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Issue 1101

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THE MARVELETTES: Motown 50 classic interview series - Sep 1990

The Marvelettes: Motown's first Golden Girls
The Marvelettes: Motown's first Golden Girls The Marvelettes; 1966 The Marvelettes; Early 60's The Marvelettes Iconic Album Cover

With Motown Records’ currently celebrating their 50th Anniversary, Pete Lewis recalls speaking exclusively to The Marvelettes’ former lead vocalist Wanda Rogers back in September 1990.

"I came off the road. I stopped singing because of the problems that was going on down South and what would happen when we were touring the Southern States. The white people were so prejudiced! I know Mary Wilson of The Supremes wrote a book and I began writing one. And I'm gonna continue it, because I notice that there's a lotta stories that the artists have not revealed to the public yet. We would work for the white people and they didn't never wanna pay us our money!"

“All of the Motown artists traded with the Bank Of The Commonwealth, right? My money - I had over 13,000 dollars in small savings. Next thing I know, I go in the bank, and they can’t even find my NAME on the file! They stole the money, they stole my children’s trust fund! Ooh, it was horrible, HORRIBLE things that happened! And I’d not only find prejudice in the Southern States. I’d come back up north, and even there it was everywhere I’d go! The whites couldn’t stand to see black people with their money!”

“It hurt me deeply, because I read about these things in High School, right?... About the slavery and how white people treated the black people in earlier times. But I never in my Holy Ghost life thought that I’d actually EXPERIENCE it! You’re talking about FRIGHTNING?!! This was a SCREAMING NIGHTMARE!! No-one’s mentioning it in their books - maybe some of the artists have touched on it recently. But I still haven’t heard of any of the artists mention the PURE HATE that they endured, the disadvantages.”

… Sad, sinister tales related to me by Wanda Rogers of The Marvelettes, in an exclusive interview - the first she has given in over twenty years - following years of mental and alcohol-related problems. No doubt much of which was a reaction to the horrible experiences she endured within the social climate of the early Sixties, when The Marvelettes were Motown’s premiere girl vocal group, having provided the legendary Detroit label with its first US national Number One - ‘Please Mr. Postman’ - in 1961.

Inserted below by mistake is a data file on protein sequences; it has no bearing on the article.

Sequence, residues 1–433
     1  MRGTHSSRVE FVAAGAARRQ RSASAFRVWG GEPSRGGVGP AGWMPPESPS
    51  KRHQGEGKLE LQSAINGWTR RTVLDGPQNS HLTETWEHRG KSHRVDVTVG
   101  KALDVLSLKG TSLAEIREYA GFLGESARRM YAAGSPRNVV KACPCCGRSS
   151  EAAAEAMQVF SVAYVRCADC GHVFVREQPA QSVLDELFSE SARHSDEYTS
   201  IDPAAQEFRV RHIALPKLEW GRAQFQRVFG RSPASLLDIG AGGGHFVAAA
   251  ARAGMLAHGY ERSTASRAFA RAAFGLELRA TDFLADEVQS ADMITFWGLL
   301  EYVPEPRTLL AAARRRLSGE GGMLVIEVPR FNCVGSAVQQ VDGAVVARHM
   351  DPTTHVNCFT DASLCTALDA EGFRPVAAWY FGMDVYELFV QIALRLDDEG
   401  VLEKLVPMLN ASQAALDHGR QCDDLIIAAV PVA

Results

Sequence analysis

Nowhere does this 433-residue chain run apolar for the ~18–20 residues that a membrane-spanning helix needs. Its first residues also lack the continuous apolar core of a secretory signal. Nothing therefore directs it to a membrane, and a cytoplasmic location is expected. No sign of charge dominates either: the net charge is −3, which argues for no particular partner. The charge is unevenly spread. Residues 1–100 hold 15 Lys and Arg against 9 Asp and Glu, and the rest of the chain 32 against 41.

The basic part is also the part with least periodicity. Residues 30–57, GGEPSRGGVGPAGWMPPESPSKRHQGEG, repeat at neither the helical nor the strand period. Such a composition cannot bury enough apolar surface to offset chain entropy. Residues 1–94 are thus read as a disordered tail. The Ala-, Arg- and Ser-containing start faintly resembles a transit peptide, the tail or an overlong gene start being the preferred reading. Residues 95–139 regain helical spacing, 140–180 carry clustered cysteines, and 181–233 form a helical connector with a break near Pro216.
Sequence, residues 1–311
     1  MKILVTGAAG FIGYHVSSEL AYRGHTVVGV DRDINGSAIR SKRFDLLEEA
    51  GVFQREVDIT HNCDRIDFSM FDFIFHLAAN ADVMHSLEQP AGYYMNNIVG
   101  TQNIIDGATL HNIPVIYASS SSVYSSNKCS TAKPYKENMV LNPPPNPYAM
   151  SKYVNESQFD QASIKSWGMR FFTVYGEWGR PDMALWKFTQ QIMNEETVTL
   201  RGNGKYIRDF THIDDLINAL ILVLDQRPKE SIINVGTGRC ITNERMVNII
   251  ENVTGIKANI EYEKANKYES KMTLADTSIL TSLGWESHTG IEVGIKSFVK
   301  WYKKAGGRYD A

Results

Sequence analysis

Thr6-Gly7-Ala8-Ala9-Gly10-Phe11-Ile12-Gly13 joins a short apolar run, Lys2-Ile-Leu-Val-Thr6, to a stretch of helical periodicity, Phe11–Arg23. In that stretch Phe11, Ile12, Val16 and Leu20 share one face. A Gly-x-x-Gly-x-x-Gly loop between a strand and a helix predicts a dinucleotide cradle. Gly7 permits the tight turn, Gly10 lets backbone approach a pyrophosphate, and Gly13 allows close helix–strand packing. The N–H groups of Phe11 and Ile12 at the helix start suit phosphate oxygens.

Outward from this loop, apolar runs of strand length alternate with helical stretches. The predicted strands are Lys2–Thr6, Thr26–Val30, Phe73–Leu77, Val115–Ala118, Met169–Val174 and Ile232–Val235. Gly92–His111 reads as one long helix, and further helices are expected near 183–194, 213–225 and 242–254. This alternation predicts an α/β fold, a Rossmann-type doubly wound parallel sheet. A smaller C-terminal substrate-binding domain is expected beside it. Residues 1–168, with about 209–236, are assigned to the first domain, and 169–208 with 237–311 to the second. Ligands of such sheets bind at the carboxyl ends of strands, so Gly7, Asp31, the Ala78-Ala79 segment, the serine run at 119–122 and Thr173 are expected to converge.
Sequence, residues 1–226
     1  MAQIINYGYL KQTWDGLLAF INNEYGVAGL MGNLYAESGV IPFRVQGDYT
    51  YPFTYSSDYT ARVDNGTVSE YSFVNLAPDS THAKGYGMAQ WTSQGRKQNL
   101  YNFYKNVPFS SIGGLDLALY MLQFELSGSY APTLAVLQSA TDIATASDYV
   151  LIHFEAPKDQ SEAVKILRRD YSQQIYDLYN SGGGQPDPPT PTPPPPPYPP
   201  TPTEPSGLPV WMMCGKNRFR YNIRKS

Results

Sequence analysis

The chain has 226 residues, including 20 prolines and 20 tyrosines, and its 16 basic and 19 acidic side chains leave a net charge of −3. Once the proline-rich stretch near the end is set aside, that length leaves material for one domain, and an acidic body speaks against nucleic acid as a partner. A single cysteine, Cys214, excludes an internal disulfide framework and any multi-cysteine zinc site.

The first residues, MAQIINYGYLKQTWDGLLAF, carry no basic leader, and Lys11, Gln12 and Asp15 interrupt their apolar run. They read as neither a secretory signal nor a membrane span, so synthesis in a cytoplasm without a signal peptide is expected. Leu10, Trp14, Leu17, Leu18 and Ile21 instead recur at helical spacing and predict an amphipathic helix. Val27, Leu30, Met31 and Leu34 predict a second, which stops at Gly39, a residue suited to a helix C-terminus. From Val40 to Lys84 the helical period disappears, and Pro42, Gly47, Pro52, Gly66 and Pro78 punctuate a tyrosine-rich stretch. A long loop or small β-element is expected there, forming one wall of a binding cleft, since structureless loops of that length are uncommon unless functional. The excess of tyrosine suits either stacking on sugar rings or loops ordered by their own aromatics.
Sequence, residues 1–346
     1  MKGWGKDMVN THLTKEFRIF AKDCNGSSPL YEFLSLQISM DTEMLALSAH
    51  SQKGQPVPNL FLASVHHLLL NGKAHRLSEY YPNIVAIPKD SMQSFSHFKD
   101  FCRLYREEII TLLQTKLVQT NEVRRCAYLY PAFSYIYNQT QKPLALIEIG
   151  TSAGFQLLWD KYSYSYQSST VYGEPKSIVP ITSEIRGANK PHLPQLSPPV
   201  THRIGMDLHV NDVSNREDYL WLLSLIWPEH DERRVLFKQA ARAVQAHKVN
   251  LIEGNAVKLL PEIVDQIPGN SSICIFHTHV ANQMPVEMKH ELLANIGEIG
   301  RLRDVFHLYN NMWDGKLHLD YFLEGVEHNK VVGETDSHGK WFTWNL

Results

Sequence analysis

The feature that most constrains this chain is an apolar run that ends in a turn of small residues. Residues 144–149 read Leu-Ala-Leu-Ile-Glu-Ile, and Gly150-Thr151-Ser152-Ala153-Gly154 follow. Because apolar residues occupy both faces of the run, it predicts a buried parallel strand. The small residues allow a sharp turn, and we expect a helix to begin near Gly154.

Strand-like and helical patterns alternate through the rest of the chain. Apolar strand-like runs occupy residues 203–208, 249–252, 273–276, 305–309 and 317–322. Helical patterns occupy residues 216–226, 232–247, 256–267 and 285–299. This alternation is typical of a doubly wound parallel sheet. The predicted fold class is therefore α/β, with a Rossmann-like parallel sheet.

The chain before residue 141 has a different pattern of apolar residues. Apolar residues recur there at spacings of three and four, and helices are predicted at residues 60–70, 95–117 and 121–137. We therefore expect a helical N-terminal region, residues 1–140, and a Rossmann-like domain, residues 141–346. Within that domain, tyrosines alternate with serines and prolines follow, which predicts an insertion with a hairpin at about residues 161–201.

Professionally, meanwhile, disappointment also came in the early Seventies. When - with Motown’s move from Detroit to L.A. - The Marvelettes became one of several veteran Motown acts left behind in their hometown. Which ultimately led to them leaving the label and splitting up: “At the time no-one actually complained”, relates Wanda sombrely: “It was all done so quietly that we didn‘t know if the gangsters had taken over, or WHAT was going on - nobody knew! I guess I personally put it down to Sammy Davis Jr. and Mr. Berry Gordy Jr. being in the process of making movies togeyther. My understanding was that Berry was tired of the recording business and wanted to step up a little higher and get into the movie production. But, at the same time, inside I felt bad about the company moving - I mean, REAL bad… You know, I felt I‘d been personally left behind. I’d grumble and complain within myself sometimes: ‘Why would they move to California, knowing that this is Berry Gordy’s home town?’.”

Nevertheless, as Wanda openly acknowledges, life at Motown during The Marvelettes’ Sixties heyday was far from all bad: “Yeah, knowing that the public really loved us would bring tears to my eyes! When they’d throw money on the stage, throw keys, throw hankies - I’d be like ‘Ooh, they really LOVE us!’ and it really would put me into shock for a while! Because I’d think they really cared for us! I’d carry my babies and go on the road. You know, sometimes I’d be pregnant and singing. It was hard work!”

“I mean, on that score those were the greatest days I’ve ever experienced in my life!”, she reminisces joyfully: “We - all the artists - were like one big happy family! Not only Berry Gordy, but the whole Gordy family, looked after us like we were their babies. Berry Gordy was like the daddy, and we were his children! If any problems would go wrong within the group, or with the female vocalists - Mary Wells, Kim Weston - we’d sit and have meetings. Even if somebody had personal problems at home, we’d still sit and discuss it! We’d have such great times! We’d have big company picnics every summer; Christmas parties where Mr. Berry Gordy would give the artists beautiful gifts… It was something I’d never experienced before, and I loved it!”